There is some good news for Britain’s Chancellor of the Exchequer Philip Hammond ahead of his first Autumn Statement. According to official figures, a record amount of corporation tax income in October meant the UK government borrowed less than expected.
Nonetheless, many analysts believe Britain is unlikely to meet its deficit reduction target for the financial year with UK debt still rising.
In October, £4.8 billion was borrowed, £1.6 bn lower than the same month last year.
And in the financial year-to-date, the public sector borrowed £48.6bn, still very close to the £55.5bn March forecast for the whole 2016/17 tax year by the independent Office of Budget Responsibility.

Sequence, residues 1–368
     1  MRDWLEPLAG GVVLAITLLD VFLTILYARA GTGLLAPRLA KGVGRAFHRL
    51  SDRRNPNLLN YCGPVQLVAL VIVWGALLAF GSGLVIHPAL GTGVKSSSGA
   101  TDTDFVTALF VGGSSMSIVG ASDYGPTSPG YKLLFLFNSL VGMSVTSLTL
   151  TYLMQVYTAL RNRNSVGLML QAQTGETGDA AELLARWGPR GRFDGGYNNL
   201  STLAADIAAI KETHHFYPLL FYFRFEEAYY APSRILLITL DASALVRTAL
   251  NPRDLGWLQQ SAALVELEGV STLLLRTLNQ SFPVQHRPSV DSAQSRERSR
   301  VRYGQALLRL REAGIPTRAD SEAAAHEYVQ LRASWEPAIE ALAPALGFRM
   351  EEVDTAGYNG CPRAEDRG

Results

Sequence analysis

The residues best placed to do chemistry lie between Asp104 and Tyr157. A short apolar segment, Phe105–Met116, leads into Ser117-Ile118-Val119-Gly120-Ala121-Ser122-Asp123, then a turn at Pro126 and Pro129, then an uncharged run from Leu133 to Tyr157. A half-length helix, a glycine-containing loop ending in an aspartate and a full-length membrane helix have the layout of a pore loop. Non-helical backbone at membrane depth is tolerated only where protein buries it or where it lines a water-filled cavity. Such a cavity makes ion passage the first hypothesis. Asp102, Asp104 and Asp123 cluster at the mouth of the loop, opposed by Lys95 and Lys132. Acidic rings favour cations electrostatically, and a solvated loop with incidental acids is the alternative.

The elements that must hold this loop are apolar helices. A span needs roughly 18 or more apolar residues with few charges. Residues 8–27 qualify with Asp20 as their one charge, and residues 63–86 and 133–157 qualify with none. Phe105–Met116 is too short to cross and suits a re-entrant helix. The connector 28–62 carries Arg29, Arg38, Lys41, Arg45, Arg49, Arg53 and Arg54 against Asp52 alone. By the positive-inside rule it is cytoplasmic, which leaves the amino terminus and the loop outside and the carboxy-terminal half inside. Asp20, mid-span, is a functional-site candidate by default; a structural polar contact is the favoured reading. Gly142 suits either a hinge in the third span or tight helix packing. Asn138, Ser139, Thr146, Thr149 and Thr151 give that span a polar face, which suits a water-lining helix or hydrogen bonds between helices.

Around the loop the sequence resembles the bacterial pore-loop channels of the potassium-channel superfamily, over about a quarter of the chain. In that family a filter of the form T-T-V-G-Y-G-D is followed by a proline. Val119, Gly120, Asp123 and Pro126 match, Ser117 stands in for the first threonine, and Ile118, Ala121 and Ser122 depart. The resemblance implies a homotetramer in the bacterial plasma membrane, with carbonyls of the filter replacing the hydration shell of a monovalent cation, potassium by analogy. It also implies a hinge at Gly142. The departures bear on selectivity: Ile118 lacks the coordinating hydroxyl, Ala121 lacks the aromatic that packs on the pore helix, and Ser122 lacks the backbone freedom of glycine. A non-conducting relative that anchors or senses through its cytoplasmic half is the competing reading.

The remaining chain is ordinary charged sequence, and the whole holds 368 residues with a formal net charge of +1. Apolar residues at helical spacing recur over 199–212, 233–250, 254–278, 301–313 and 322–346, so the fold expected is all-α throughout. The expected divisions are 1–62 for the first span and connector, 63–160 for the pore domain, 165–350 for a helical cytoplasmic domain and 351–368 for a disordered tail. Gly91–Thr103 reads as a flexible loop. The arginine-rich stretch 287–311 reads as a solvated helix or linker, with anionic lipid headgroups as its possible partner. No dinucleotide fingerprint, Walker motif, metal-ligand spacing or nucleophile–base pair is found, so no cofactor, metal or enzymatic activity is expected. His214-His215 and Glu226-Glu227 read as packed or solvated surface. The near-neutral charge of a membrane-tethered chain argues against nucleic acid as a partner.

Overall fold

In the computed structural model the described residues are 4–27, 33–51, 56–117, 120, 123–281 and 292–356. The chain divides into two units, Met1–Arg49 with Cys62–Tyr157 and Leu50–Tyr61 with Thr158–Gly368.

But despite beating the odds, deficit reduction remains off track, at least against goals set out in March, which some economists fear will rule out any chances of treats being given out by the Chancellor on Wednesday.
Figures from the Office of National Statistics show net debt at the end of October was up £50.9bn, or 83% of the value of the economy (GDP).
It’s paved the way for Hammond to issue more short-term Treasury bills to finance additional borrowing and then wait until a full budget statement in March before deciding if he needs to give the economy a big boost.